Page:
• Resources
  • Risk
  • Time

AIBS seeks to understand the reason/s for the project and the answer to this question helps us define the project and apply our structures to ensure success during the roll-out.

Defining a timeline is a critical step in understanding how long it will take to accomplish the project’s goals and considers resource allocation, risk modelling and assessment and establishment of agreed milestones that mark major phases for the project.

When we have established the structure, we then move into the definition phase to embed understanding and clarity of the project. Defining project structure is a critical stage in preplanning of the project which if overlooked or incomplete can add expense and overruns to the project. AIBS Project Managers ensure there is clarity with the team and stakeholders and revisit project definition throughout the project. We make sure that everyone, especially our team, has a clear definition in mind of what, how and when we need to achieve outcomes so they can work productively and to meet the value-add principle.

AIBS ensures transparency with stakeholders through regular reporting and the establishment of personal, face to face and hands on relationships with our stakeholders. We take responsibility for the delivery of milestones as well as for the quality of our tradespeople and subcontractors. Stakeholders need to be assured that the relevant milestones regarding progress, budget and schedule are being met. They also need to be made aware of and brought into discussions where potential problems and risks and communicated early and solutions are brokered collaboratively.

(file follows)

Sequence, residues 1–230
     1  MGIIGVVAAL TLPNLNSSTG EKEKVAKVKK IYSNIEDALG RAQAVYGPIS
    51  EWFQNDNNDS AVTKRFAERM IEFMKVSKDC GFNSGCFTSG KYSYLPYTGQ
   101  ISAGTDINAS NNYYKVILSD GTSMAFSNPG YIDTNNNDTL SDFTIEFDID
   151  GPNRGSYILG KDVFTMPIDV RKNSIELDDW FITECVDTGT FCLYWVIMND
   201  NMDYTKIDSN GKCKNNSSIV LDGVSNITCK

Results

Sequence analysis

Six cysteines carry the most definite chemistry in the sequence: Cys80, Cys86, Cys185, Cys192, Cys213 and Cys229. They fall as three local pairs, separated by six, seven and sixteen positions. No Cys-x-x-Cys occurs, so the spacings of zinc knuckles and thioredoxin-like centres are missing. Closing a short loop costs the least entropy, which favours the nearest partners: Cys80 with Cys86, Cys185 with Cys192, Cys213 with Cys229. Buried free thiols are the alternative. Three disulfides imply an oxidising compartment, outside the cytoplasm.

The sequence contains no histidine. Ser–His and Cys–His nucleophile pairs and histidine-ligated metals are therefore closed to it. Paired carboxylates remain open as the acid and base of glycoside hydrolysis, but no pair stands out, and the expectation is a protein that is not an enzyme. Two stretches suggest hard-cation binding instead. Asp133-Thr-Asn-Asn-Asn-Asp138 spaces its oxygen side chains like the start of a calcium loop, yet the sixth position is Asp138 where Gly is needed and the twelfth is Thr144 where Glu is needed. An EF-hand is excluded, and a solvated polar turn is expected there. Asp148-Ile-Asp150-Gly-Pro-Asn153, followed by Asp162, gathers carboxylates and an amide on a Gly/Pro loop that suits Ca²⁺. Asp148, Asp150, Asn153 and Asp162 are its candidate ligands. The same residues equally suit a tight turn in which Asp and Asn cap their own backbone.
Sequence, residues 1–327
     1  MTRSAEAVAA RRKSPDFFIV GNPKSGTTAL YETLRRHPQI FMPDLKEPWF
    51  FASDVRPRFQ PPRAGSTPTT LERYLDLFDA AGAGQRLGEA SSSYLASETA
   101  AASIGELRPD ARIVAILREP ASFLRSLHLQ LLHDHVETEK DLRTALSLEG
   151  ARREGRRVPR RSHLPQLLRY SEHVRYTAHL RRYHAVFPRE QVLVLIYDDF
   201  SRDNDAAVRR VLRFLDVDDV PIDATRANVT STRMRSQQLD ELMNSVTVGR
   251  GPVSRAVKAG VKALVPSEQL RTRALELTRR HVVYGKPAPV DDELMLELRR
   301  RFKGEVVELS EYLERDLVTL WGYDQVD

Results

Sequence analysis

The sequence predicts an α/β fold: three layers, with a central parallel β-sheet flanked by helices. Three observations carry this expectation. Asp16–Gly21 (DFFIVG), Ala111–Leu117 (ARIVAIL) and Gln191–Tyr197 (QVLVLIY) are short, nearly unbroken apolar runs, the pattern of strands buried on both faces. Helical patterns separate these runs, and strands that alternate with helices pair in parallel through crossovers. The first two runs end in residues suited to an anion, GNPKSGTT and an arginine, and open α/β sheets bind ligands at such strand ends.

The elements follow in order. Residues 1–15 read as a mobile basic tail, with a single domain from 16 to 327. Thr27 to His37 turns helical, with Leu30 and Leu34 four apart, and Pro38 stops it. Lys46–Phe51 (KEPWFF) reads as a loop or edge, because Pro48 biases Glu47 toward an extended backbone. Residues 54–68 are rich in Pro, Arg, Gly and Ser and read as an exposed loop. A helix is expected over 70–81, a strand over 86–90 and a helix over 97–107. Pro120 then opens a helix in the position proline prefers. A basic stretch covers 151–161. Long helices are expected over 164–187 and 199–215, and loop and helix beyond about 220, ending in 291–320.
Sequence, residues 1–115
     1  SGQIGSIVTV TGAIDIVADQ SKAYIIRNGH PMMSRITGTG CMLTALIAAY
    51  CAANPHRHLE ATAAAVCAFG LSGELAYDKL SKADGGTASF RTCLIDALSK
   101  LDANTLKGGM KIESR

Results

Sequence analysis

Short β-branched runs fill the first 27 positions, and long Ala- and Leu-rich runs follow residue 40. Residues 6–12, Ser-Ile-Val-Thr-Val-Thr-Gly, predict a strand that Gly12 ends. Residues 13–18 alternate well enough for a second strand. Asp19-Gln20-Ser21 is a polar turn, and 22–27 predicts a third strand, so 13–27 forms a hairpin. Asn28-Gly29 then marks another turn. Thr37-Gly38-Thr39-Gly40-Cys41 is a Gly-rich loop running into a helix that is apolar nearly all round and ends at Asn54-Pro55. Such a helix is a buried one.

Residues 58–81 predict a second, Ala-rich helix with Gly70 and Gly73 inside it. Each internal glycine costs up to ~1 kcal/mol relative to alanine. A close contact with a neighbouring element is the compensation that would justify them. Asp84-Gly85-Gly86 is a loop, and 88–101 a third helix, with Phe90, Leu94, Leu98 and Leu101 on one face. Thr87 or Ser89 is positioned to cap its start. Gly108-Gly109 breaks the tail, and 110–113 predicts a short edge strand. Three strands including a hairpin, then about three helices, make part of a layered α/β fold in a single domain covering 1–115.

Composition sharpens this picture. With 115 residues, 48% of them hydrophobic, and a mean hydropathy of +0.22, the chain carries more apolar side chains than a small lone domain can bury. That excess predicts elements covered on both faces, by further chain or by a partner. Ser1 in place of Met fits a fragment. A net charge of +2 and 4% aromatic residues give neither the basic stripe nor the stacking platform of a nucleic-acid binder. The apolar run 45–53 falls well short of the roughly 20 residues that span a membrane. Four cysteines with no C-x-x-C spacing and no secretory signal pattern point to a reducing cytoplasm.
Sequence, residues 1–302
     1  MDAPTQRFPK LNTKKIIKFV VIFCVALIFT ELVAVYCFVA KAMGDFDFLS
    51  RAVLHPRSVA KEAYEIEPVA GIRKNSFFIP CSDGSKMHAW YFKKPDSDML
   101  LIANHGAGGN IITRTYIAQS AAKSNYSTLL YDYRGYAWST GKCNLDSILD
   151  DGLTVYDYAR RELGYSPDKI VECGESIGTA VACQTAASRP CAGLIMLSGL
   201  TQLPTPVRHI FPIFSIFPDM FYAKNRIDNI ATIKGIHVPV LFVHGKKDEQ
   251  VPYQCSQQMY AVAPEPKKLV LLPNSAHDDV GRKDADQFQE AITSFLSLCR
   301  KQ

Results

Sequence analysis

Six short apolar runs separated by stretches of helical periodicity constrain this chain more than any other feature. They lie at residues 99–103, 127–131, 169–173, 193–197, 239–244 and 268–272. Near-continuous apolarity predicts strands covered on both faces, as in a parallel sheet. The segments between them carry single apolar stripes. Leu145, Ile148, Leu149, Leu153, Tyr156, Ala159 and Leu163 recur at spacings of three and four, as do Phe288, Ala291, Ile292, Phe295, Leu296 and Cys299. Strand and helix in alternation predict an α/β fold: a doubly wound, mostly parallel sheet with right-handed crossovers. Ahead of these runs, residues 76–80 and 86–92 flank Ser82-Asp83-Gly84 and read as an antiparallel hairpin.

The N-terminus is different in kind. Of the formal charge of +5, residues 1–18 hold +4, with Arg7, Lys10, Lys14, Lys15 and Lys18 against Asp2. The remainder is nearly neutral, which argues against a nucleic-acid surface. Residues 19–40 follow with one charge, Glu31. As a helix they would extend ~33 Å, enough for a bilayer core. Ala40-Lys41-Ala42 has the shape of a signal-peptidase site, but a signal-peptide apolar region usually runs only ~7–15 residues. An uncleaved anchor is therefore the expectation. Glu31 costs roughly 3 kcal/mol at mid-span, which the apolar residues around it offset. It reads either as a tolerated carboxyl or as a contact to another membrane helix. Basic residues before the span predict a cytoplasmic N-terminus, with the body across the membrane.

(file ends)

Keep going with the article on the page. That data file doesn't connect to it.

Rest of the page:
AIBS establishes primary communication channels with the project sponsor and develops a communications matrix around other key participants and stakeholders. Regular, clear, timely and adequate communication is essential to ensure that project decisions are properly implemented. AIBS’ experience demonstrates that having a clear and understood communication pathway between the sponsor and the project manager ensures efficient project administration and delivery. Matching project demands to skills and capability within the AIBS is an essential part of facilitating effective communication balancing technical expertise with commitment to and comprehensive understanding of the project.

AIBS formally delegates authority to various aspects of the project’s management. This comes from AIBS founder’s experience working within the defence forces where there is clear delegation of responsibility and reporting.  AIBS expects that to progress a project successfully, there must be well-defined roles supported by policies and procedures in place. Everyone involved must know what they are responsible for and who they answer to.

This is established within the planning stages of the project management matrix to ensure that before the project is commenced we have considered how we are going to manage the scope of work, maintain the quality of the project, define its schedule and cost, and predict potential risks.